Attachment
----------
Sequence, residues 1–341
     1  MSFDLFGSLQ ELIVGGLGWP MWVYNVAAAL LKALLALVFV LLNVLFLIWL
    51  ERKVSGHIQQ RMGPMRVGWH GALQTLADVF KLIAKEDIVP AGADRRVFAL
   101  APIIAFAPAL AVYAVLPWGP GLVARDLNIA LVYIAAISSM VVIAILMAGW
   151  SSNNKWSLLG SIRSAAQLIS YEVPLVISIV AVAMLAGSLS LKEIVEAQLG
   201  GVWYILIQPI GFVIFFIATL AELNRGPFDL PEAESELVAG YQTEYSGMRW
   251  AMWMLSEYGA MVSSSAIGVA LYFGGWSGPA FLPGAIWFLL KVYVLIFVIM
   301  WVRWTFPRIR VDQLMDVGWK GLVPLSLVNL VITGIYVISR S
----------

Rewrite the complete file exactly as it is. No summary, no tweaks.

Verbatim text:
Sequence, residues 1–341
     1  MSFDLFGSLQ ELIVGGLGWP MWVYNVAAAL LKALLALVFV LLNVLFLIWL
    51  ERKVSGHIQQ RMGPMRVGWH GALQTLADVF KLIAKEDIVP AGADRRVFAL
   101  APIIAFAPAL AVYAVLPWGP GLVARDLNIA LVYIAAISSM VVIAILMAGW
   151  SSNNKWSLLG SIRSAAQLIS YEVPLVISIV AVAMLAGSLS LKEIVEAQLG
   201  GVWYILIQPI GFVIFFIATL AELNRGPFDL PEAESELVAG YQTEYSGMRW
   251  AMWMLSEYGA MVSSSAIGVA LYFGGWSGPA FLPGAIWFLL KVYVLIFVIM
   301  WVRWTFPRIR VDQLMDVGWK GLVPLSLVNL VITGIYVISR S